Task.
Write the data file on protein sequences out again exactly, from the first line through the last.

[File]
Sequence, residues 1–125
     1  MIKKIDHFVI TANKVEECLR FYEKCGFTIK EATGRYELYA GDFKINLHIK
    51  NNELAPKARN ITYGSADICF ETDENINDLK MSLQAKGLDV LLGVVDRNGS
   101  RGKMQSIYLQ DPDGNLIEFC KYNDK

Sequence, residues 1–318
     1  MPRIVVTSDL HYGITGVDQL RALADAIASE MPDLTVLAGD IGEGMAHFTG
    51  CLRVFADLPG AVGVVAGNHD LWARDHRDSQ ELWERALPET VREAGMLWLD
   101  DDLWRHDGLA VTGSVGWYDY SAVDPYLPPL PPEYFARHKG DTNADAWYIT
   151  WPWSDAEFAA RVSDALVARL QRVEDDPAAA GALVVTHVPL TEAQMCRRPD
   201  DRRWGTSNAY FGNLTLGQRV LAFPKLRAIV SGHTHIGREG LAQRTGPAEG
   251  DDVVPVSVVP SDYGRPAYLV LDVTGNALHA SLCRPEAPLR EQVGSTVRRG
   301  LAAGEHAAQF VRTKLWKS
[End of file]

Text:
Sequence, residues 1–125
     1  MIKKIDHFVI TANKVEECLR FYEKCGFTIK EATGRYELYA GDFKINLHIK
    51  NNELAPKARN ITYGSADICF ETDENINDLK MSLQAKGLDV LLGVVDRNGS
   101  RGKMQSIYLQ DPDGNLIEFC KYNDK

Sequence, residues 1–318
     1  MPRIVVTSDL HYGITGVDQL RALADAIASE MPDLTVLAGD IGEGMAHFTG
    51  CLRVFADLPG AVGVVAGNHD LWARDHRDSQ ELWERALPET VREAGMLWLD
   101  DDLWRHDGLA VTGSVGWYDY SAVDPYLPPL PPEYFARHKG DTNADAWYIT
   151  WPWSDAEFAA RVSDALVARL QRVEDDPAAA GALVVTHVPL TEAQMCRRPD
   201  DRRWGTSNAY FGNLTLGQRV LAFPKLRAIV SGHTHIGREG LAQRTGPAEG
   251  DDVVPVSVVP SDYGRPAYLV LDVTGNALHA SLCRPEAPLR EQVGSTVRRG
   301  LAAGEHAAQF VRTKLWKS